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August 5, 2019

Yes, I Can Listen! – Illustrator Interview


With beautiful, full-color illustrations and fun, catchy rhymes, Yes I Can Listen!, written by Steve Metzger and illustrated by Susan Szecsi, encourages children to develop attentive listening skills. Read below for an interview with the talented Susan Szecsi, as she dives into her illustration process and reveals her favorite techniques and inspirations. Be sure to check out the activity packet that goes along with the book as well.

Yes, I Can Listen! is available on 8/6!


How is illustrating nonfiction books different from story books?

Illustrating nonfiction picture books is challenging and rewarding at the same time. It’s challenging because instead of the usual storyline, the book has a concept, an act or an emotion at its core that the visuals need to help unfold. Sometimes they also lack a main character; instead the book is a series of loosely related scenes connected to the thread of a common theme.

However, the rewarding part is also derived from the same facts. Our common theme in Yes, I Can Listen! is listening to others, parents, teachers, and friends or to nature. Steve Metzger, the author, offers lovely rhyming stories in which our invisible hero is the reader of the book. It gives the illustrator a tremendous freedom.


How do you start the process of illustrating a book?

After reading the manuscript a few times, quietly and aloud, I like to savor it for a while. Then I start taking visual notes as there are usually a few lines from the manuscript that have already tickled my imagination.

These scribbles are visual notes of ideas; I call them “ugly sketches.” Their function is to mostly serve as a reminder for the next step when I am setting up a storyboard.

The storyboard contains all 32 pages and gives a great overview of pacing, variety and rhythm of the book as a whole. I like to print it out and draw my thumbnail sketches over it.

It usually takes a few weeks until everything comes together and I start to really “see” the book. Luckily, I was not alone in this process. There was a lot of back and forth with the publisher. I had a fantastic team—Michelle Williams and her CRP colleagues provided art notes and valuable feedback at every step. The writer was also involved in the process, which is a bit unusual, but I have been very good friends with Steve for years now, and we inspire and appreciate each other.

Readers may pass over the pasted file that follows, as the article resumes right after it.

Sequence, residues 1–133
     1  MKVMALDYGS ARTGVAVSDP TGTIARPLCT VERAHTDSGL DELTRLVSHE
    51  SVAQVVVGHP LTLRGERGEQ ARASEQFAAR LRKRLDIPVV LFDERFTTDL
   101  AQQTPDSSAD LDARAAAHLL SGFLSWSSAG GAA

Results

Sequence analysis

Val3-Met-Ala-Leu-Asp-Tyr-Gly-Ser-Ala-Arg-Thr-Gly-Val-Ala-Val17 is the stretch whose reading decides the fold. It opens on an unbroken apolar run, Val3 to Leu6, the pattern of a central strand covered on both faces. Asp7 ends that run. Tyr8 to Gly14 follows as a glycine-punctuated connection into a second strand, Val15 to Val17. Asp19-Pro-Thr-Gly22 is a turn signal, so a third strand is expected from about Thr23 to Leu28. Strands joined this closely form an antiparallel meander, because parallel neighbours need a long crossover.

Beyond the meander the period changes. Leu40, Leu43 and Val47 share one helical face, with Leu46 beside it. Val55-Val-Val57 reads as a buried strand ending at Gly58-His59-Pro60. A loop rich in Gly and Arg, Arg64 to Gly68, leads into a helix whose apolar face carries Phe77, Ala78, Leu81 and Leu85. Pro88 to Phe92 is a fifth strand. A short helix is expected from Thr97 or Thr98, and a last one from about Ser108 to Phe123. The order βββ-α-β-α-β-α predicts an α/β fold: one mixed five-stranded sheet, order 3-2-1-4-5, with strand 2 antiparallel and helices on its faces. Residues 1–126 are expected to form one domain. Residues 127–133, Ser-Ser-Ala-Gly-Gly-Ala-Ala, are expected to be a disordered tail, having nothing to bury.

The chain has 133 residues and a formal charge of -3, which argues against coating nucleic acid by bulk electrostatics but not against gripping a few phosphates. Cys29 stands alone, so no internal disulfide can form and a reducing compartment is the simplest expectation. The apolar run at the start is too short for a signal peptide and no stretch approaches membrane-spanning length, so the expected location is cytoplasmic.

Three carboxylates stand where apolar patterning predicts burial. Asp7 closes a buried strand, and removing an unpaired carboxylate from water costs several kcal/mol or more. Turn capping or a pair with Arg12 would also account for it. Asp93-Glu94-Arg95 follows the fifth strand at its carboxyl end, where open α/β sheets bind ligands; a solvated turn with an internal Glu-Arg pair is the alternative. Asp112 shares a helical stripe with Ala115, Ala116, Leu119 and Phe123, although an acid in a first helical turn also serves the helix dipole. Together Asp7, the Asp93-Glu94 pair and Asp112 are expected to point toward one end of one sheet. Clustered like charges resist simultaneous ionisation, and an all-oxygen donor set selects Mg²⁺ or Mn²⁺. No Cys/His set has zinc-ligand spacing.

Our aim was to build a world in YICL where characters and situations are diverse and relatable to 4-to 8-year old readers. We also aimed to continue the legacy of the highly successful predecessors of our book, The Way I Act by Steve Metzger and Janan Cain and The Way I Feel by Janan Cain.


What techniques do you use?

I use a mixed technique. I mostly work digitally, but to make the illustrations more “traditional” looking, I love to collage them with watercolor, pencil or pastel textures. I scan my handmade textures then combine them with the half-ready digital drawings in Photoshop. It gives me great flexibility when changes are required.


Did you have a favorite verse to draw?

It is difficult to choose just one verse as I love every part of the book. I would like to give you three examples: the “new classmates,” the “upset boy” and the “daydreaming girl” illustrations.

I especially enjoyed creating the “new classmates” spreads where several photos of diverse children are displayed on the school board with their favorite toys scattered around them. Taking a second look, you might notice that the pictures of these new kids are sitting on tree branches. It is a reference to family trees; a gentle reminder of that all humans, regardless of race, are connected to one another.

At first, I struggled a bit with the “upset boy” and his dog, trying to squeeze perhaps too much into it. However, I immediately loved the rhyme. It reminded me how deeply sad or desperate children can be sometimes. After a few failed versions, I think the colors and composition now convey the passion and loneliness of the child. And the playful dog gives some relief to an otherwise serious scene.

The “daydreaming girl,” however, with the ginger cat curling around her shoulders, listening to the morning sounds, came almost without effort. Dogs barking, birds singing and cars honking in the rain all melt into a magical fantasy world for her. In fact I like that image so much she became my profile picture on Instagram.


Where do you get your inspiration?

It comes from my own childhood or the times when my kids were younger. But it can come from almost anywhere. Books and movies are just as inspiring as observing my surroundings. I am a keen people watcher. The “arguing classmates” spread, for example, stems from my own school years. Who does not remember the fights and sweet reconciliations with their best friend from first grade?

I also collect reference photos. While I never copy them as they are, they come in handy when I need to draw something that I do not often do. For example, the fire truck is based on a photo that I snapped when strolling home from a meeting.

I hope the rhymes and the illustrations will engage readers and that Yes, I Can Listen! will inspire children, parents, teachers and librarians to open more conversations about listening.


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